Introduction to the Graham Papers

Date published: 21 November 2007

Part of: Significant privately deposited archives , G - Introductions to significant privately deposited archives

This is a document summarising some of the most interesting and significant content within the Graham archive (D812, D305 and T3263) held in PRONI.


The Graham papers comprise around 4,700 documents and around 95 volumes, 1741, 1777 and 1791 to 1957 and consist primarily of:

  • title, deeds, leases, wills, accounts, correspondence and so on, 1741, 1777 and 1791-1957, relating to Graham property in and around Lisburn, Co. Antrim, and in Belfast 
  • correspondence and diaries of Dr James Graham and Colonel James Graham, 1819 to 1905, including some family letters, but chiefly concerned with Dr and Colonel Graham's service in India and with the Indian Mutiny
  • and correspondence and diaries of Captain D.C. Graham, including descriptions of Captain Graham's experience during the 1914 to 1918 War, when he served with the Royal Engineers in France

The Graham family originated in Scotland and settled in Ulster, probably at Lisnastrain, outside Lisburn, some time in the 17th century.  By the early 18th century the family was well established in Lisburn, then a small market and manufacturing town, nine miles south-west of Belfast, and by the turn of the century they owned considerable property at Lisnastrain, and at Bow Street, Market Square and Graham Gardens, Lisburn, as well as head rents in Belfast.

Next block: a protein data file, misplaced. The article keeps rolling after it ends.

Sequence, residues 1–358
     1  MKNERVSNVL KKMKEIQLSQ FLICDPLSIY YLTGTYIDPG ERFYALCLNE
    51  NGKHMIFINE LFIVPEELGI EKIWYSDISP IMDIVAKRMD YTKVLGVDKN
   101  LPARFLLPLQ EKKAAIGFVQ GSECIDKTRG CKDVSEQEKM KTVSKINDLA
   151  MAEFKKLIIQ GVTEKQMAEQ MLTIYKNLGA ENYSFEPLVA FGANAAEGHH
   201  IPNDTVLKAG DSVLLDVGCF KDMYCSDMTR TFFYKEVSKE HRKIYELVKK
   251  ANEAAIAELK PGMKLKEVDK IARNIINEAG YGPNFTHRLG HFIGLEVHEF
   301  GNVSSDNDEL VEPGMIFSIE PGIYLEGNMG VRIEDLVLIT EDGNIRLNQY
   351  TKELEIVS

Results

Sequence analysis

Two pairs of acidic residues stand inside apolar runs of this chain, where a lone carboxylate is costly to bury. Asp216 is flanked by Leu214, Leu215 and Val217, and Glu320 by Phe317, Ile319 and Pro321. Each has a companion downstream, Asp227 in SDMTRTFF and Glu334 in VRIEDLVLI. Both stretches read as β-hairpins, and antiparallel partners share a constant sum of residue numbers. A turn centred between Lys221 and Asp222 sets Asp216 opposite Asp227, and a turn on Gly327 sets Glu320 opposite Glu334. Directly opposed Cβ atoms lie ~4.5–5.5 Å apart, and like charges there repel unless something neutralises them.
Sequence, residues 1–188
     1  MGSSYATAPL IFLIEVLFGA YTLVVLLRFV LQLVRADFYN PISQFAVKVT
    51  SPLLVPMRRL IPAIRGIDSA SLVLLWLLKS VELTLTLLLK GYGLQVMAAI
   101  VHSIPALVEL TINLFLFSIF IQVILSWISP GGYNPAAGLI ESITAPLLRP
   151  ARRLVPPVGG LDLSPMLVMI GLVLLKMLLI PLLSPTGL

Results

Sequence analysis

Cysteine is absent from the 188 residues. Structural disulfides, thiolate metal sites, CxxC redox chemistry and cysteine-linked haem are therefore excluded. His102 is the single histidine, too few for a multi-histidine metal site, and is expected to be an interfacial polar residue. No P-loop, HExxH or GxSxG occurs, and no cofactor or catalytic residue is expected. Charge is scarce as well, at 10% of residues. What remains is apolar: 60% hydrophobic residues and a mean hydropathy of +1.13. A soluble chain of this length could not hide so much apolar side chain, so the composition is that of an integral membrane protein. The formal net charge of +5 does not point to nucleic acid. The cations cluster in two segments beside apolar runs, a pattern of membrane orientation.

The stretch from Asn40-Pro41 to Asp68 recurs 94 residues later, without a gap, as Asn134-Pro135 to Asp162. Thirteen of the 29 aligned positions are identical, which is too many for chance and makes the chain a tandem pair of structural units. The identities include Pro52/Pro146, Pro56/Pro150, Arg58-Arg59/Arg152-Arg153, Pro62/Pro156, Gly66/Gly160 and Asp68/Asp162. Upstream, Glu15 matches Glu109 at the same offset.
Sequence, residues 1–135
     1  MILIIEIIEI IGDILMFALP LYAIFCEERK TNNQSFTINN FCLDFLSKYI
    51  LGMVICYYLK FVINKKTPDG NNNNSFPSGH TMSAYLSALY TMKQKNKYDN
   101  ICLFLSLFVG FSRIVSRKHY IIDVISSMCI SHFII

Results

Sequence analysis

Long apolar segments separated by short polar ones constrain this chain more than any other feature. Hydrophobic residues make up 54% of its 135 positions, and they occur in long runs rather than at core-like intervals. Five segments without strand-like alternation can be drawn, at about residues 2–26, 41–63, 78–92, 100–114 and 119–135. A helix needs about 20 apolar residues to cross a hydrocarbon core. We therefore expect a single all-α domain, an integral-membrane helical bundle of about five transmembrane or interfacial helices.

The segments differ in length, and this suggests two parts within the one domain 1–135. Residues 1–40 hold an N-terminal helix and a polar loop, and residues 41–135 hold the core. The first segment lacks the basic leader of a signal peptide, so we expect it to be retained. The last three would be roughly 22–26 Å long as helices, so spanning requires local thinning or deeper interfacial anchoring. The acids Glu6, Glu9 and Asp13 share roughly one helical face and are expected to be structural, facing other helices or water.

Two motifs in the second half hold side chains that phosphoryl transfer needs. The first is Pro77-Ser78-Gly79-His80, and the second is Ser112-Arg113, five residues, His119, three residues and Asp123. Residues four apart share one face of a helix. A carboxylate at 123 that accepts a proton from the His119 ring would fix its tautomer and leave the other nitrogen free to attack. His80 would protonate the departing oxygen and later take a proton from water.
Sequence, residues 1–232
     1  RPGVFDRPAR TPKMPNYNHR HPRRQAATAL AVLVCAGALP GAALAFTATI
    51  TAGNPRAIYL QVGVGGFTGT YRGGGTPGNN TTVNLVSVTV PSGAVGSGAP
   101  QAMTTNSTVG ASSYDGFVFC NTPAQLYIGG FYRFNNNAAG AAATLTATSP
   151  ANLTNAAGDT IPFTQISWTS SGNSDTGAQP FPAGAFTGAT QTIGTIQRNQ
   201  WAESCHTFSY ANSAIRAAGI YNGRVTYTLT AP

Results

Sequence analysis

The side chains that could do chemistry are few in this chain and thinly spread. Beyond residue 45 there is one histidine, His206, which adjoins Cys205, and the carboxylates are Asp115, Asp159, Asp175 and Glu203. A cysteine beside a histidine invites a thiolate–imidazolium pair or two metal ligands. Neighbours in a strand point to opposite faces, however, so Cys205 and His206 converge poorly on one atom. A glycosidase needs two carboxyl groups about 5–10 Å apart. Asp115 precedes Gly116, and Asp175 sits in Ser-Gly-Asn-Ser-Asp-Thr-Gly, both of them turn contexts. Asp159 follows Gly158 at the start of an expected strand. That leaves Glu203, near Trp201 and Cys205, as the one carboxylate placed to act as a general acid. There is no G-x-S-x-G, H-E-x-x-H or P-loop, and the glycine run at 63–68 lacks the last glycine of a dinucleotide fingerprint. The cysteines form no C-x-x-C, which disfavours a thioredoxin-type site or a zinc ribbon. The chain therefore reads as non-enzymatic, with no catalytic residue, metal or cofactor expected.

The Belfast head rents were possibly acquired through inter-marriage with the Joy and Tomb families, Colonel James Graham having married Louisa Maria Joy in 1865.  

As has been mentioned, Colonel Graham, his uncle and namesake, Dr Graham, and other members of the family also, saw military and medical service in India during the period 1819 to 1879.  Their correspondence relating to the Indian Mutiny has been calendared in detail and forms the basis of the PRONI publication The Graham Indian Mutiny Papers, edited and introduced by A.T. Harrison, with an historiographical Essay by T.G. Fraser (Belfast, 1980).  The following description of this, the central part of the archive, is drawn from that source.


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